Then there's some visual elements that I find unappealing, take the number of tiles on the Start Screen for example. In one of my past comments, I mentioned a registry modification that allows you to set the number of rows of tiles on the Start Screen. While there's a little more scrolling involved, there's just less "clutter" and in my opinion, the tiles are a little more manageable with 3-4 rows of tiles instead of 5 on a full HD display. I'll most likely apply this modification when I do upgrade my desktop computer to Windows 8. That also answers the question; Yes, I plan to upgrade despite Windows 8 despite my criticism of "Desktop" Metro...

My other gripe about Metro on large displays if the fact that menus, buttons and other elements just appear too large and cumbersome. I would actually like to see some of these things scaled down if your primary input method is a mouse. I could go on however, at some point I'm just nit-picking and I'm sure it's all been said before.

So, I've pointed out the issues I have with Metro on a large display. Here's where Metro feels right; Small laptop-esque displays and of course, tablets. Because of the smaller screen, there's less mouse fatigue and less clutter on the Start Screen by default. Visual elements appear just the right size. Definitely being in the Metro UI was significantly more enjoyable on my laptop than it was on my desktop. As I discovered, I spent a lot more time in the Metro UI on my laptop. On my desktop, I spent most of my time on the desktop. And you know what? That's okay.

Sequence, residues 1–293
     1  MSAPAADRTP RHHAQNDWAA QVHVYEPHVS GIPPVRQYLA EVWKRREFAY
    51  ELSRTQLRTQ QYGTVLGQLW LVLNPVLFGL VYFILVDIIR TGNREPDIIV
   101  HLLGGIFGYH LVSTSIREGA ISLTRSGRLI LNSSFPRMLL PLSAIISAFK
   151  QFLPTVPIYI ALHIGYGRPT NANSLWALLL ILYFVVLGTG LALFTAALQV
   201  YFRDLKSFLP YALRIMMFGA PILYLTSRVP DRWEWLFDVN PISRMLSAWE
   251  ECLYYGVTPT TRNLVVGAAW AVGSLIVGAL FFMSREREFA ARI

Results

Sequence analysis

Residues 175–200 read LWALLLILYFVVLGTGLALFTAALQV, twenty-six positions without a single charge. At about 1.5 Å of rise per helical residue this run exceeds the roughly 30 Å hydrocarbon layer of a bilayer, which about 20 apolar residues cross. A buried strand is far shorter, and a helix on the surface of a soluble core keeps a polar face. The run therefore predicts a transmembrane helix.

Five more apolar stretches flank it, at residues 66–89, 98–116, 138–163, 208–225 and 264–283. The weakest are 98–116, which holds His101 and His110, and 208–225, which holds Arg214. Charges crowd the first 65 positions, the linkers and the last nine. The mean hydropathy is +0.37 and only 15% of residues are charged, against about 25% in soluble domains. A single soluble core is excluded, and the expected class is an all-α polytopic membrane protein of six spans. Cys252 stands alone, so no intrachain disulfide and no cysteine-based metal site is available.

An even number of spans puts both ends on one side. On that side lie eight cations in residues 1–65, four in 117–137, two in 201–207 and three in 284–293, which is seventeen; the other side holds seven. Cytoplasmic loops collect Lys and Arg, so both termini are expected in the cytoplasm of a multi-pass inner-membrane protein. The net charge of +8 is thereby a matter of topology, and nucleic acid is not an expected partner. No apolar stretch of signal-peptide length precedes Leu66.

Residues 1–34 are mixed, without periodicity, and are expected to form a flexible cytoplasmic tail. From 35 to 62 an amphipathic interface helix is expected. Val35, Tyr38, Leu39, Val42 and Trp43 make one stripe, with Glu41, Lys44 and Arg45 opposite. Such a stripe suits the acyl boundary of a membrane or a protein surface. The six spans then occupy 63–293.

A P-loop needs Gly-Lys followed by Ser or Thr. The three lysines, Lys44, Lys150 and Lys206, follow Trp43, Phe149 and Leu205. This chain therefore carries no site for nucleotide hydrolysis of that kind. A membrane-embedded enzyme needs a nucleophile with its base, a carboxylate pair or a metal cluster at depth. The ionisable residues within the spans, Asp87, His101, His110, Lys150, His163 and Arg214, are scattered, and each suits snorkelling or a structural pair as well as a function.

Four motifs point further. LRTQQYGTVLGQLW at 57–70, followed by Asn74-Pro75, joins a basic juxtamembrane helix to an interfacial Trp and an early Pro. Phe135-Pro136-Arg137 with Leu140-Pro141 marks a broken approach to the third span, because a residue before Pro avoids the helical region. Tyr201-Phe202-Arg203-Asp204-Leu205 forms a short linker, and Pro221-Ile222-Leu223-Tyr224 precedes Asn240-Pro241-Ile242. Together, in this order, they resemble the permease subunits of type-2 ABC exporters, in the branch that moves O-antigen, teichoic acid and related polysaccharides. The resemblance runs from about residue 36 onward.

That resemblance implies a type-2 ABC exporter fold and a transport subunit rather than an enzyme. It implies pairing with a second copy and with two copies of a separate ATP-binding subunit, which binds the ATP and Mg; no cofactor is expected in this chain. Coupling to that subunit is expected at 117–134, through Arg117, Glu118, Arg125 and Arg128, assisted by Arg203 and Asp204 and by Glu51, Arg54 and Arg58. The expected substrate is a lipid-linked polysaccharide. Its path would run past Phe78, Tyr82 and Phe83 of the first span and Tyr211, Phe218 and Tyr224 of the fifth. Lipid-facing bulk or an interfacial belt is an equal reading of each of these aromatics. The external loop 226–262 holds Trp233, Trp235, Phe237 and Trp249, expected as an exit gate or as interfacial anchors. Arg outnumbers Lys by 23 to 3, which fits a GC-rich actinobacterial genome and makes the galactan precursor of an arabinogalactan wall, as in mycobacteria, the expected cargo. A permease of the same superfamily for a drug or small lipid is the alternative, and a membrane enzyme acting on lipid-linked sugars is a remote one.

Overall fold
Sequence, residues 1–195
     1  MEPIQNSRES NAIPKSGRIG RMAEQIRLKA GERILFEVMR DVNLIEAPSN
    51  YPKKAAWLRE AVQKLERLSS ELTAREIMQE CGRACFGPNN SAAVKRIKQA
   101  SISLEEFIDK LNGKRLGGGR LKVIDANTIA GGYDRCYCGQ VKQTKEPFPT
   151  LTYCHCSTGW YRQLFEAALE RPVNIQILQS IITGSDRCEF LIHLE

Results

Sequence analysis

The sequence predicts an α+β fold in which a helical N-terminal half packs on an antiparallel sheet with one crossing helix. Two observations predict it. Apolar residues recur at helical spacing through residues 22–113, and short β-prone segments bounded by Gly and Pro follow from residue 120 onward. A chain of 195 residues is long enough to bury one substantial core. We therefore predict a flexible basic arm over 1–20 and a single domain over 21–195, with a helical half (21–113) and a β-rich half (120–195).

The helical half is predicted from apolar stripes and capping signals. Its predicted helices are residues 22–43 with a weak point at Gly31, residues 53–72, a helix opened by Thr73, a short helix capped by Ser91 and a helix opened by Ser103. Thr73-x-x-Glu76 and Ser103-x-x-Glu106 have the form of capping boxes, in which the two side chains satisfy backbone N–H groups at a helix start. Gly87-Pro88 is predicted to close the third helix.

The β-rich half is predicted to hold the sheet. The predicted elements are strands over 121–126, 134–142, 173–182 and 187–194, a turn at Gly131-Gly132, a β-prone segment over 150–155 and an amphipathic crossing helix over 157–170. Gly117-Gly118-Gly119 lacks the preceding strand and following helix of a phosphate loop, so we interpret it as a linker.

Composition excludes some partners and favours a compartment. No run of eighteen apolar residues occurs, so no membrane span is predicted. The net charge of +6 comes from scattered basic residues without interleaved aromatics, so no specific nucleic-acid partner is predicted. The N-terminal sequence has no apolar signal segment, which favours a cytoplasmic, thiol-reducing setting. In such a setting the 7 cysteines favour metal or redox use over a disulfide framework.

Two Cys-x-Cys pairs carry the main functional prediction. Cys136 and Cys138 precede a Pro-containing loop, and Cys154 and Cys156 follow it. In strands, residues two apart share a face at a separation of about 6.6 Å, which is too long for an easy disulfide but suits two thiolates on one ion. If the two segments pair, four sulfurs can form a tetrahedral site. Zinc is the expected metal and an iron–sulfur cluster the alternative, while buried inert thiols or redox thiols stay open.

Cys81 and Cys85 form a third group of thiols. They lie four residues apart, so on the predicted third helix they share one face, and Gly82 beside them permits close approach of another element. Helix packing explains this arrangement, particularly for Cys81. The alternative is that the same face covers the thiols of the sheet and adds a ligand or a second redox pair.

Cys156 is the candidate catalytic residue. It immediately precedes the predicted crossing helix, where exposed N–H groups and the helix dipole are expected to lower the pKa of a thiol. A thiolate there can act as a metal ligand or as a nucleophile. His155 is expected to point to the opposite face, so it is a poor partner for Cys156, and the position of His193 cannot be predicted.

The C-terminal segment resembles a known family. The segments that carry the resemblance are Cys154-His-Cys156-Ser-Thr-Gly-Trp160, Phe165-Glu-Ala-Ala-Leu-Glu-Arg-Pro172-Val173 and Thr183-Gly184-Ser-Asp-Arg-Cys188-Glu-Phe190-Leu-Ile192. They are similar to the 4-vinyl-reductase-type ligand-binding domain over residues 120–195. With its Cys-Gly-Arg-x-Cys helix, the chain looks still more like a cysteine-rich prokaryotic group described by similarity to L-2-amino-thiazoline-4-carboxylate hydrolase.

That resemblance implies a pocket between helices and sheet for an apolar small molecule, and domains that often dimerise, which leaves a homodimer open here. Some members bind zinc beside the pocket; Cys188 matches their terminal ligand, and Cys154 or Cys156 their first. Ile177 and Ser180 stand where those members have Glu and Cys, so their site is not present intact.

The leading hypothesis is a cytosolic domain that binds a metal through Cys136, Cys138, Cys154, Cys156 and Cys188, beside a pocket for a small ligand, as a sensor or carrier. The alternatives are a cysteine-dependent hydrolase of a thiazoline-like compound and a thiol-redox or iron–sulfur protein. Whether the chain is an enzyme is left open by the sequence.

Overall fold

Metro is most likely here to stay and will continue to permeate throughout Microsoft's future products and will be refined along the way. Maybe some of the criticisms that myself and many other have expressed will be addressed sooner than we realize. However, as it is now, you really aren't being forced to use Metro if you don't want to or need to. Some will complain about not being able to "turn it off" however, there's nothing preventing the user for living on the Desktop the entire time or preventing the user from living in Metro the entire time if they want to (unless you need to get to Administrative tools and Control Panel).

Windows 8 can be looked at in two ways; A new UI nobody wants and that Microsoft's trying to shove down our throats OR two operating systems in one as another user pointed out in a previous forum (not going comment hunting at the moment, sorry) I prefer the second.

As Paul Thurrott has mentioned, Windows 8 is still a great operating system. Even if you don't use metro, the desktop is enough reason to upgrade from Windows 7 as I plan to do in the near future. However, I do plan on purchasing Microsoft's Surface tablet and that's where I think Windows 8 and Metro will shine. Thanks for reading!

EDIT: Formatting, typos